"The life of the church doesn’t take place in sacristies and parish meeting halls alone," Wauck said. "It takes place in homes, shops, sports fields, businesses, hospitals … wherever there are Catholics."

He added: "The relationship between the clergy and the laity can’t be seen in terms of a power struggle. [Which is the feminist view, and usually a feminism of the Marxist variety.] Both are serving the church in their own way."

Because of the priest shortage in the U.S., lay people are increasingly being called upon to run the administrative side of parishes while leaving sacramental duties to clergy.

In 2005, nearly one-quarter of the nation’s 217,000 parishes were without a resident parish priest. At the end of Pope John Paul II’s pontificate, more lay people than clergy were working full-time in American parishes and many of those lay leaders were women.

Lay people also have taken more active roles on parish financial councils and high-profile panels like the church’s National Review Board, which was formed in response to the clergy sex abuse crisis.  [Okay… this is all very interesting, but the writer seems to be drawing an equivalence between liturgical roles and what other things lay people can do in and for the Church.  The argument seems to be: if they can balance the books, they should be able to do everything else too.]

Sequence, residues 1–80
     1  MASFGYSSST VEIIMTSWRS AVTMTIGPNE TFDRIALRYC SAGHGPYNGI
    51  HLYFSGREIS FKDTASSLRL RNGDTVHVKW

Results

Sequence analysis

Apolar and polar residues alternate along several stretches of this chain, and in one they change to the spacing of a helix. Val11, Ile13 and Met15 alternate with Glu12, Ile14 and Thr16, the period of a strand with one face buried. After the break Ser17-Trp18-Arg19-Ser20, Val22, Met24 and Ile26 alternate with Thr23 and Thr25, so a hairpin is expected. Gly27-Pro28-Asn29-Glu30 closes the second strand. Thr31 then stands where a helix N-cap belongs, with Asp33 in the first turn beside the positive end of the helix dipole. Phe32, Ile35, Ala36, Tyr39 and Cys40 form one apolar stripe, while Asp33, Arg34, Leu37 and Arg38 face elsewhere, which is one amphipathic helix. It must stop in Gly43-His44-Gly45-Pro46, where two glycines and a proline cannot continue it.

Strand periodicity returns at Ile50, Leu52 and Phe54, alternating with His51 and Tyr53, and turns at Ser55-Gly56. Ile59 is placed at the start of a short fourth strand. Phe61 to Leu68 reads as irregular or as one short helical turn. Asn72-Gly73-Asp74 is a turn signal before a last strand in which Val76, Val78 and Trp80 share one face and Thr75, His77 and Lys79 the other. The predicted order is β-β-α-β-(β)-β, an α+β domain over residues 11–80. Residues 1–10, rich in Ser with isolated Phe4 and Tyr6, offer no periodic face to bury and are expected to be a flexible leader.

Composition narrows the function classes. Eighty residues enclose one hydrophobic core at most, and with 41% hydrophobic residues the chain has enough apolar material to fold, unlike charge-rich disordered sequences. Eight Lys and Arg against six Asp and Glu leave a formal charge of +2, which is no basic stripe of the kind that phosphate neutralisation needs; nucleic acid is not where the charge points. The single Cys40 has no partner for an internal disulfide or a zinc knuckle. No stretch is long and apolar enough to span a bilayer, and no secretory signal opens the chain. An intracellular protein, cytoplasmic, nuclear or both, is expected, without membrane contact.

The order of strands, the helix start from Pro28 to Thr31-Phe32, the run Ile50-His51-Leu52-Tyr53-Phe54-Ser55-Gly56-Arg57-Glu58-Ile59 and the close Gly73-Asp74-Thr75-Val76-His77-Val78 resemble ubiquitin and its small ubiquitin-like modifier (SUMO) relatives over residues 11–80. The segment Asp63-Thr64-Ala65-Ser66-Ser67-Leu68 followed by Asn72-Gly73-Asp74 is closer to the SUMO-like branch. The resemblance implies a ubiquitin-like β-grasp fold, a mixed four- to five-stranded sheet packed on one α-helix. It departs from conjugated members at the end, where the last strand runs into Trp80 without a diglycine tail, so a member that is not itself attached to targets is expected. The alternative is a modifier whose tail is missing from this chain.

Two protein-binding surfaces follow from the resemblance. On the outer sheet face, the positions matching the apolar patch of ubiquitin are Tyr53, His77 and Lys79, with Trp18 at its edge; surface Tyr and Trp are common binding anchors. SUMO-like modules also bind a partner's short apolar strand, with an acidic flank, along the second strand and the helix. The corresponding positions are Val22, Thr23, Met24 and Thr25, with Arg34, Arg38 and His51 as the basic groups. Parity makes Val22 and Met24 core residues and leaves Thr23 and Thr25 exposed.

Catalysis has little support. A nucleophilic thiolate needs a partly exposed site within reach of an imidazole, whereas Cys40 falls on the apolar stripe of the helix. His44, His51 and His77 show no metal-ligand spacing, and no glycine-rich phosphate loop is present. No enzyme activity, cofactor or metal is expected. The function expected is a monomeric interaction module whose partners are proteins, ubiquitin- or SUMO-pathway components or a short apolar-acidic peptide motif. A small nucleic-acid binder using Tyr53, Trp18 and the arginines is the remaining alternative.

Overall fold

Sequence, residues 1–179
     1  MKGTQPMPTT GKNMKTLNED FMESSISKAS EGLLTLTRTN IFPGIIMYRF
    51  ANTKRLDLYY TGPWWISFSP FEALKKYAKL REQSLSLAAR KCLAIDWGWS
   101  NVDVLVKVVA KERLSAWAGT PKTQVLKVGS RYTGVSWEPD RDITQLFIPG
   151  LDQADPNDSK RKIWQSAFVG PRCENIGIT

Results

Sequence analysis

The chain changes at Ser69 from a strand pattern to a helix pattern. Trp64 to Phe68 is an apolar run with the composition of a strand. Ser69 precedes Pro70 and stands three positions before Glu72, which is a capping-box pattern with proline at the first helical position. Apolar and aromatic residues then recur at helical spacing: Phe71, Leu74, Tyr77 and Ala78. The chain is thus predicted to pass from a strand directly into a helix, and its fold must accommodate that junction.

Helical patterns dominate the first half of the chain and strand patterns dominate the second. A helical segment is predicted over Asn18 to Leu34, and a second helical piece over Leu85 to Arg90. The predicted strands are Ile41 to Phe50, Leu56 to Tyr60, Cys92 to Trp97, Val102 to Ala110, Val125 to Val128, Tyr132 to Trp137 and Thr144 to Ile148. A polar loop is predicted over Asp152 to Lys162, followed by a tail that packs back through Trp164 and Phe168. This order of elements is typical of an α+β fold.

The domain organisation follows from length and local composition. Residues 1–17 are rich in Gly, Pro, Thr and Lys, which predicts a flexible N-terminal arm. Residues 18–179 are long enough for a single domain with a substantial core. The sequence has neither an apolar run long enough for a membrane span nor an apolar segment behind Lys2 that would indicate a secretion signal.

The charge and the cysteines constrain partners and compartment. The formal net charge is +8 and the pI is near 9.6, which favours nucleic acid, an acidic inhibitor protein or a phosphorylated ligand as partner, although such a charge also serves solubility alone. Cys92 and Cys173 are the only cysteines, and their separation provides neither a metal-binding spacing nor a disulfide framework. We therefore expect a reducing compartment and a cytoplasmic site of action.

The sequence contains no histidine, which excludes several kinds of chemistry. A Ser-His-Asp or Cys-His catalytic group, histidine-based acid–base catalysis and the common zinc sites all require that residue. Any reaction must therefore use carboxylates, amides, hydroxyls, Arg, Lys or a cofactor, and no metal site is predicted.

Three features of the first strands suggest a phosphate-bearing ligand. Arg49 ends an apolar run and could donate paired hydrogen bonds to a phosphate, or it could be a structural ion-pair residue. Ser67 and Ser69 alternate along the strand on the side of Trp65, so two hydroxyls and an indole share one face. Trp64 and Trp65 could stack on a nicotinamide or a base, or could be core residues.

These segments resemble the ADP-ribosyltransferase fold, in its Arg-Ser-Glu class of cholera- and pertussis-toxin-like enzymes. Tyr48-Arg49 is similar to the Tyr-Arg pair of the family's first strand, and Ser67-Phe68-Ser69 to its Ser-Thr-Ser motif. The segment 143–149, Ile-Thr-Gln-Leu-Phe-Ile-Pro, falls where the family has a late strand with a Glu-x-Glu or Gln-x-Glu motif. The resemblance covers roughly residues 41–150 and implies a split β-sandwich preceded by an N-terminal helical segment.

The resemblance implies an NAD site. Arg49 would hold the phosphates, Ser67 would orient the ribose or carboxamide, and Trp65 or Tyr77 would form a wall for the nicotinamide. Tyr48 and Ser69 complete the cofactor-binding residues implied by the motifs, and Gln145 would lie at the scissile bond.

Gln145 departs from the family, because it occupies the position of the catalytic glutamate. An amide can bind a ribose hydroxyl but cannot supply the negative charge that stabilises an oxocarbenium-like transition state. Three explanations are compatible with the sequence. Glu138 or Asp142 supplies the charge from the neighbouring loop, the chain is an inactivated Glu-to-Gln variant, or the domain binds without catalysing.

Even so, that board is advisory. Bishops still make policy decisions, and board members have left after complaining their advice was not heeded. [That is really another issue.  Sometimes the advice is bad.  Sometimes the bishops are thick.  But advice is merely advice either way.]

For distribution of the Eucharist, priests and deacons are known as "ordinary" ministers, meaning they should do the job when they are available.

At Thursday’s Mass, 1,500 priests and deacons were in the stadium — five times the number needed, said Susan Gibbs, spokeswoman for the Archdiocese of Washington.

Another staple of parish life — altar boys and girls — also were missing from the Mass. Under papal liturgy guidelines, seminarians perform those duties.  [Well… sure!  Most of them are actually installed lectors and acolytes.  Altar boys and girl altar boys actually only substitute for installed acolytes in their absence.]

But lay people also played high-profile roles, reading the Scripture and serving as cantors and petition readers.  [And I don’t think they should have.  This was a sore spot in the Mass: I got the sense that the organizers instrumentalized these people to force the Mass to be multi-cultural.]

"To me, it’s almost seamless how we work together," said Gibbs, one of nine lay people on the archdiocese’s papal planning committee. "Clergy bring pastoral teaching and direction. Lay people bring business skills, administrative skills." [That seems like common sense to me.  I can’t imagine not consulting people far more experienced than I am on matters of business, etc.]

Patty Olszewski, 51, of Potomoc, Md., was disappointed about the lack of lay Eucharistic ministers — she is one.  [Because its about Patty, right?  I dunno… maybe I am being unfair here.  After all, she didn’t say that, the writer did, about her.  But this seems to be so common in these discussions: it all comes back to "me".]